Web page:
Jeremy Cole is an award-winning ceramist, designing and creating collections of lighting inspired by nature. All his pieces are works of art, each handmade with intricate details. Every crafted ceramic plant is an expression of Jeremy Cole’s native New Zealand, known for its natural scenery and flora.
In 2004, a chance visit to London’s Tate Modern changed the course of his life. Inspired by the beauty of a near translucent ceramic vessel, Jeremy was motivated to explore the relationship between ceramics and light. The following day, he set out to understand and work with Bone china. Two months later he produced his first piece, the now iconic Aloe Blossom – and was invited to exhibit in Frankfurt.
His artistic philosophy rests on three pillars: Beauty, Elegance and Craftsmanship. In 2005 he opened his first ceramic studio in London allowing him to maintain control over quality and production by making each piece by hand. Creative triumphs offset ‘mad’ experimentation, and recognition of his brilliance grew worldwide.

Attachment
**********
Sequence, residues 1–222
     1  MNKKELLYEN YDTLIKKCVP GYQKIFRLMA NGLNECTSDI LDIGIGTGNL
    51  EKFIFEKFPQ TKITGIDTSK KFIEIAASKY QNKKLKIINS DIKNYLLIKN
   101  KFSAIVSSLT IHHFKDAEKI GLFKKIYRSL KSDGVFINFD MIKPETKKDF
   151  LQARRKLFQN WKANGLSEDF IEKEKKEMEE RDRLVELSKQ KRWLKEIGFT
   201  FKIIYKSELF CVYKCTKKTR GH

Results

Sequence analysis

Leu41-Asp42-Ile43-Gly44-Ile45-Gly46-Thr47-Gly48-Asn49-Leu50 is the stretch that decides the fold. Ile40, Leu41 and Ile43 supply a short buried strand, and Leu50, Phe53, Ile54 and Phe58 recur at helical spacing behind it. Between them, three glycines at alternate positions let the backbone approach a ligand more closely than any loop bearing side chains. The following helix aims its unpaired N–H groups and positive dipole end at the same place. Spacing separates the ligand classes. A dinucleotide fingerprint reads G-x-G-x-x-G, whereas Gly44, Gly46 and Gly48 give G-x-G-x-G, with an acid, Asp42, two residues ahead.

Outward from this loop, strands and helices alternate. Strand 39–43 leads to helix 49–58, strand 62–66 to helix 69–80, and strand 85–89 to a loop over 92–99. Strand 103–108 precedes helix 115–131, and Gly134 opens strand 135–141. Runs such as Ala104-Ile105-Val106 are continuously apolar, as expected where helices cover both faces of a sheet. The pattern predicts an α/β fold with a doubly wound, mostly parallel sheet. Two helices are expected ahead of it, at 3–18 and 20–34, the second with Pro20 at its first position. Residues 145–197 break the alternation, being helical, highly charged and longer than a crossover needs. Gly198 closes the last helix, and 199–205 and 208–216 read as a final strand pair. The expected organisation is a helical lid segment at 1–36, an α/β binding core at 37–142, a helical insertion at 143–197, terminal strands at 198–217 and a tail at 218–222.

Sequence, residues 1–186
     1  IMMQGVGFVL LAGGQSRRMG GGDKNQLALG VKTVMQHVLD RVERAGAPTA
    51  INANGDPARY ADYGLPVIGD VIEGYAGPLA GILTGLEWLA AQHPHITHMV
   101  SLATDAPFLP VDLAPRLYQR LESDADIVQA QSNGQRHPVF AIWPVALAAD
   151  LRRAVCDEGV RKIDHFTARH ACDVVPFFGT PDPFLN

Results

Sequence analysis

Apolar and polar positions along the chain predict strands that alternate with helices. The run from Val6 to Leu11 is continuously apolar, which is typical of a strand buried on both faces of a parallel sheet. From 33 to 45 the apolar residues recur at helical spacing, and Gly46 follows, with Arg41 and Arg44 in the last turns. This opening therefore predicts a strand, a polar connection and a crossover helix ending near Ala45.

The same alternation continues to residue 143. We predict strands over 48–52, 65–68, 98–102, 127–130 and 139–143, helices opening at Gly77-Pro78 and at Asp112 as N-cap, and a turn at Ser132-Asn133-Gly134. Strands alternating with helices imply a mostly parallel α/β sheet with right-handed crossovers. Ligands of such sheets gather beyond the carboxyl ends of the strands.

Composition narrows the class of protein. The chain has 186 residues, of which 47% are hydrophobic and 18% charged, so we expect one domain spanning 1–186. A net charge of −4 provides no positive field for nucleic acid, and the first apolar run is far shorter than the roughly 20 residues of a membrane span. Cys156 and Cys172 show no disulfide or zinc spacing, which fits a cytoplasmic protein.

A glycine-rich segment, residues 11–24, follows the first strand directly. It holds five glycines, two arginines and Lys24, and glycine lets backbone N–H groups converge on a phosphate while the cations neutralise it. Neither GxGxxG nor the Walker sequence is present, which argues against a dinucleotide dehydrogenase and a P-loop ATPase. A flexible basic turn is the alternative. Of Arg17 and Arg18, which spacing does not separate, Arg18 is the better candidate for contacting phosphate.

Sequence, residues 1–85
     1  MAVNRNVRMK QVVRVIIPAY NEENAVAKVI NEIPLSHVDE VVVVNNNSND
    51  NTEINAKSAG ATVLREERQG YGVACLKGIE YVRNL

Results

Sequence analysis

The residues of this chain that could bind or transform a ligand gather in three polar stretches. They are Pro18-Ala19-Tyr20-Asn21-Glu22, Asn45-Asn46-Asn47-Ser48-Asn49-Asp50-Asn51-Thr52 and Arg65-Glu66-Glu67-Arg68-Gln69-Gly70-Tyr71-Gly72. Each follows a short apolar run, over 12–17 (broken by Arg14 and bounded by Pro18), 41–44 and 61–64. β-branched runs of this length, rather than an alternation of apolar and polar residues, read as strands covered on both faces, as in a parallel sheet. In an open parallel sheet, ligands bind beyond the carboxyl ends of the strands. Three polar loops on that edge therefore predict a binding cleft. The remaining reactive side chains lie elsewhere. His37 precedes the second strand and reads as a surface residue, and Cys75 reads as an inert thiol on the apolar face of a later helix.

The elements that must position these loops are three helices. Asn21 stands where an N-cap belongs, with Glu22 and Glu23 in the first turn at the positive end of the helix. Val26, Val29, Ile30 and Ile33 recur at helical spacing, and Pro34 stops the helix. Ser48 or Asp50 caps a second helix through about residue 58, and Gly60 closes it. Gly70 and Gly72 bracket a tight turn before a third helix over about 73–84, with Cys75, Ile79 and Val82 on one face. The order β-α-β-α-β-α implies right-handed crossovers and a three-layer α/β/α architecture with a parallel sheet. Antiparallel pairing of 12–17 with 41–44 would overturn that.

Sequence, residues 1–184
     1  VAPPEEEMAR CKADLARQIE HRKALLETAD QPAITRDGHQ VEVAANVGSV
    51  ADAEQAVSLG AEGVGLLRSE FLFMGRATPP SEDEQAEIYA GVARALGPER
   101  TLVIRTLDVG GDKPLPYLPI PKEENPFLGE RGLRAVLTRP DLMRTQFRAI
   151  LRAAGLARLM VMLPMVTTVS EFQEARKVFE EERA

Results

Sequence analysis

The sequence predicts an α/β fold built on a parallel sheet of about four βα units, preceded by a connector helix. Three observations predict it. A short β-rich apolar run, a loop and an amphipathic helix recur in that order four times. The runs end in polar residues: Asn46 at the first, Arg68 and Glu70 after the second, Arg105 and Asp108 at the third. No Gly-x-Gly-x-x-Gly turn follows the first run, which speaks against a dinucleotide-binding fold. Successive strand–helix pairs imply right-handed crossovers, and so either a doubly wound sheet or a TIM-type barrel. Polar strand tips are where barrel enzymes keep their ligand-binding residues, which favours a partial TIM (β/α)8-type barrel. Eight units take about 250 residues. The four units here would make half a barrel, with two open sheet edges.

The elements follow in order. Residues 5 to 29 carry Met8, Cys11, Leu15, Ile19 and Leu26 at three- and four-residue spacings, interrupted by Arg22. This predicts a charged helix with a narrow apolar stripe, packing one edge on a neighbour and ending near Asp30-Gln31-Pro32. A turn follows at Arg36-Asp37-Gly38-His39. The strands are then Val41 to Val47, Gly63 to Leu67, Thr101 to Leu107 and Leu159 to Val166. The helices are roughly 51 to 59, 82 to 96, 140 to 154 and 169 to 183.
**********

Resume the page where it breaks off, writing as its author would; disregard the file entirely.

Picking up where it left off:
Today, Jeremy Cole’s flora-inspired collections are appreciated the world over. His products are not only admired for both their contemporary style and timeless beauty, but also for the care and skill each handmade piece entails. Embracing traditional methods of production with his own modern flair, Jeremy Cole is proud to employ some of the world’s most skilled ceramic artists.
Fashion and jewelry houses, such as Bulgari, Harry Winston and Interior Designers such as Kelly Hoppen, are among the many who seek out his unique light-forms.
Pieces from his collections include the dramatic “White Flax”, consisting of 350 handcrafted ceramic leaves, specifically arranged for even light distribution, and the beautiful “Cymbidium Chandelier” made up of eight lit porcelain cymbidium stems. All his pieces push the limits of their medium.
Most recently, he has added to his collection the “Oriental Lily”, a sculptural light that elevates a room with its modern flair. The renowned ceramic artist developed the form of the Oriental Lily to evoke the depth and scope of the design by using light to emphasize the ceramic techniques.